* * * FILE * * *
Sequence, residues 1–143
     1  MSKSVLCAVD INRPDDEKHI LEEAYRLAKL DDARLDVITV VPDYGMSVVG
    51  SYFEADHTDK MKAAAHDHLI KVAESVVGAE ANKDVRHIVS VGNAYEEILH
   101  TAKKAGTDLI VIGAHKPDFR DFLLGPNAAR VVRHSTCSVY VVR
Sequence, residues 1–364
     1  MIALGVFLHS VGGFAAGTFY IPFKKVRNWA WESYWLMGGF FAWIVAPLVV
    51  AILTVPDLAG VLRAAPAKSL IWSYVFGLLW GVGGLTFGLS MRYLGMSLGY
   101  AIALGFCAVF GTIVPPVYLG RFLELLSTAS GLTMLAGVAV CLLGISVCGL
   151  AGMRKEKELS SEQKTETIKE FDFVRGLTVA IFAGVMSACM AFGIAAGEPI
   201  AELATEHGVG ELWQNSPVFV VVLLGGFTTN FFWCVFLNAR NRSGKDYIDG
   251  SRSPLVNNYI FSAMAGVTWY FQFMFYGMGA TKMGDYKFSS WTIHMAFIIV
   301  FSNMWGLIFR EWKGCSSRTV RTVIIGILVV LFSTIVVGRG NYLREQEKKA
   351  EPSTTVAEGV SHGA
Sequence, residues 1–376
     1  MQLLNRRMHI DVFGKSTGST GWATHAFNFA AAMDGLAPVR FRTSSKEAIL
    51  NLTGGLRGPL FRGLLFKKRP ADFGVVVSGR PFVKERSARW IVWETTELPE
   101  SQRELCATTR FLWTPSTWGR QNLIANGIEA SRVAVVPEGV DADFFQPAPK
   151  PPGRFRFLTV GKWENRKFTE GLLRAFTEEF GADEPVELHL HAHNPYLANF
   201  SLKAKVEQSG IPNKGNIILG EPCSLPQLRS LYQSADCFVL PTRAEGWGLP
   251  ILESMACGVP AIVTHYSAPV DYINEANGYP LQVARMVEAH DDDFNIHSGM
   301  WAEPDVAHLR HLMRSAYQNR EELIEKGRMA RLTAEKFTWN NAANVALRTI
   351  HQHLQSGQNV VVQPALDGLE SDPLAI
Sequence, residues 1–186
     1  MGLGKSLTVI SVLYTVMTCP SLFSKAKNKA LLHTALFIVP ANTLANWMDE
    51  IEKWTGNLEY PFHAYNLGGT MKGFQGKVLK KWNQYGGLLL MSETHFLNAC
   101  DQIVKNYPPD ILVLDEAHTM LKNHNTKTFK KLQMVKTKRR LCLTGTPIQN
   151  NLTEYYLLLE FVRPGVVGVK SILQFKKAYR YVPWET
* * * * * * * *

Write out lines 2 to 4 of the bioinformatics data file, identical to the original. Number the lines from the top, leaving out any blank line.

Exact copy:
     1  MSKSVLCAVD INRPDDEKHI LEEAYRLAKL DDARLDVITV VPDYGMSVVG
    51  SYFEADHTDK MKAAAHDHLI KVAESVVGAE ANKDVRHIVS VGNAYEEILH
   101  TAKKAGTDLI VIGAHKPDFR DFLLGPNAAR VVRHSTCSVY VVR